American chestnuts are not poisonous to dogs, according to the ASPCA. The Daily Puppy warns an unrelated plant called the horse chestnut is considered toxic to dogs and other animals when consumed in large quantities.Know More
According to The Daily Puppy, the bark, leaves and nuts of the horse chestnut tree are poisonous to dogs when ingested. The nuts from the tree not only contain toxins, such as saponin, aescin and glycoside, but can also cause choking in dogs. When dogs consume horse chestnuts, or "conkers," vomiting, diarrhea, seizures, depression and coma can occur.
The Daily Puppy notes that a dog who ingests horse chestnuts or any part of the tree requires veterinary care. The vet may induce vomiting in the dog to expel the toxic elements, or she may administer activated charcoal to prevent the dog's intestines from absorbing the toxins.Learn more about Dogs
Parvovirus, or parvo, in dogs is a highly contagious and often fatal viral disease that attacks the gastrointestinal system of the animal, according to the American Society for the Prevention of Cruelty to Animals (ASPCA). Dog owners can protect their pets from the illness with a series of vaccinations.Full Answer >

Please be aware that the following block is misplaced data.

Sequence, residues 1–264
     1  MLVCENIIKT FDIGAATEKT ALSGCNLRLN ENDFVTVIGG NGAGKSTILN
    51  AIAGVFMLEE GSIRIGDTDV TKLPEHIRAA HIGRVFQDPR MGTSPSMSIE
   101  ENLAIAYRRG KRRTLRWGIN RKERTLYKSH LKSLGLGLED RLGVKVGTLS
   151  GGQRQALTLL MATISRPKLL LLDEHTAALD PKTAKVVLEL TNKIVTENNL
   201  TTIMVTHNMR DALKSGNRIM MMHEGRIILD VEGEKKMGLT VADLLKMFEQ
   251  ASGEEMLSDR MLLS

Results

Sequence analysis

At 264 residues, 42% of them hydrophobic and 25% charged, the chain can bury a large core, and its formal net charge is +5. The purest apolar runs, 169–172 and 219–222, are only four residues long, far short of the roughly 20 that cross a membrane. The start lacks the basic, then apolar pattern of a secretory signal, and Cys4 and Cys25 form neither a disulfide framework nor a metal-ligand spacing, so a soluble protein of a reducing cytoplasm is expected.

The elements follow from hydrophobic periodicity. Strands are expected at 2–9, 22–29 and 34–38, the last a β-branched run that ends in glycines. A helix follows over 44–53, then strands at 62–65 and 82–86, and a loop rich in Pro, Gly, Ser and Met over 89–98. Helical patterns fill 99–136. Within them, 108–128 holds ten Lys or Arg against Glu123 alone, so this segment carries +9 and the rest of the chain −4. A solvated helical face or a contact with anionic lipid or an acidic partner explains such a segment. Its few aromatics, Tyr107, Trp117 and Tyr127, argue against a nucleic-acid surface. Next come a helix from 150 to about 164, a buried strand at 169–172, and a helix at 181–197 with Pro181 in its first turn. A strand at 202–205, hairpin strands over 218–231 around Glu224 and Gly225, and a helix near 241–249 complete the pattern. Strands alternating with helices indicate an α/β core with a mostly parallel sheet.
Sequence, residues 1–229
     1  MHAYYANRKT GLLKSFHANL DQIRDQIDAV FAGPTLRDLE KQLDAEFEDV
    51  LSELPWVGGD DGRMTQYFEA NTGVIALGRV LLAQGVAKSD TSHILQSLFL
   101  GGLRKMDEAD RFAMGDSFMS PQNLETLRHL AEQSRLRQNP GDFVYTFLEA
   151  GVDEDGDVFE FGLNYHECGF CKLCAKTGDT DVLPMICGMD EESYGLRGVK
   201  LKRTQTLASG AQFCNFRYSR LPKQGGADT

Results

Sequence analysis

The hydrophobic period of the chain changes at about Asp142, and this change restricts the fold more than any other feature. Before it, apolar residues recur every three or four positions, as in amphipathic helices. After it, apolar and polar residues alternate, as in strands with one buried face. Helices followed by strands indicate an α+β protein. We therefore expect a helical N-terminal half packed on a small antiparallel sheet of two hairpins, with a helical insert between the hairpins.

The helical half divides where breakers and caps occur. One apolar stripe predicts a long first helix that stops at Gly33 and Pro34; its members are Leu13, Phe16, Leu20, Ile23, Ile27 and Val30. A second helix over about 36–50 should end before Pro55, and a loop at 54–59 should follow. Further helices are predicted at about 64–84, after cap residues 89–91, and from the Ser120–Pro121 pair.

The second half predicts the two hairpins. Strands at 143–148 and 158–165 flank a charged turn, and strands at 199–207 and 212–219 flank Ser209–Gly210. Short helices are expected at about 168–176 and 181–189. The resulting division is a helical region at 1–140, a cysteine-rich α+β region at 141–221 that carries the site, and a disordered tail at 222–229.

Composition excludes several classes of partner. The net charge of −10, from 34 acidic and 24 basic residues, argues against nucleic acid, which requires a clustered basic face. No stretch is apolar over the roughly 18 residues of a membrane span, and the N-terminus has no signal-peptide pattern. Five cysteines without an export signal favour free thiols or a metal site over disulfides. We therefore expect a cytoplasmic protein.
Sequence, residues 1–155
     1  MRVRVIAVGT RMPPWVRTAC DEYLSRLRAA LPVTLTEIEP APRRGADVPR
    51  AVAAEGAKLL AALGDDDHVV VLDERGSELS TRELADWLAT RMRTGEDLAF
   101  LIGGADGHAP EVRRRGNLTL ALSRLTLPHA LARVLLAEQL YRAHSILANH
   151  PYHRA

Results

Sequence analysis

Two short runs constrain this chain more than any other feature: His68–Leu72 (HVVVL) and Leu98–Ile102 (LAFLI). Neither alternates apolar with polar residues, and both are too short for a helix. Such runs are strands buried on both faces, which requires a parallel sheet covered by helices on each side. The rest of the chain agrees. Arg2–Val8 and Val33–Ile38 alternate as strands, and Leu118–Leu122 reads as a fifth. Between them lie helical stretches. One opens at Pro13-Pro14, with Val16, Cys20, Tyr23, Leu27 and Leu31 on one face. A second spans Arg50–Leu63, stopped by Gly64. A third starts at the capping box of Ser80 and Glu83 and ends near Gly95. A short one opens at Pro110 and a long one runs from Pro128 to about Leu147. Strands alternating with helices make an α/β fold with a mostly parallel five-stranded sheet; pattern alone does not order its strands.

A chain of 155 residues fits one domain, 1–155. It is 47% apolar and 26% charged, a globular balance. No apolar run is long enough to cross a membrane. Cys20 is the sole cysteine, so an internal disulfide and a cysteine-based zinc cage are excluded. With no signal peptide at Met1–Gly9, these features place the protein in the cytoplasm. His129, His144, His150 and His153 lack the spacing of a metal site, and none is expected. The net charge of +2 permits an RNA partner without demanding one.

When consuming small amounts, dogs that ingest avocado are not in danger of serious health problems, according to the ASPCA. If a dog consumes avocado, one symptom to expect is mild stomach discomfort.Full Answer >
The ASPCA does not consider potatoes to be harmful for dogs to consume but cautions that the green parts of raw tubers, namely the stems and leaves, contain toxic alkaloids that are harmful in large doses. petMD verifies this, adding that sweet potatoes are ideal snacks, and regular potatoes are fine in moderation but can lead to weight gain.Full Answer >
According to the ASPCA and the Pet Poison Helpline, poinsettias are rarely poisonous to dogs, and their toxicity is often overrated. The Pet Poison Helpline says that poinsettias may cause vomiting and drooling in dogs and, infrequently, diarrhea.Full Answer >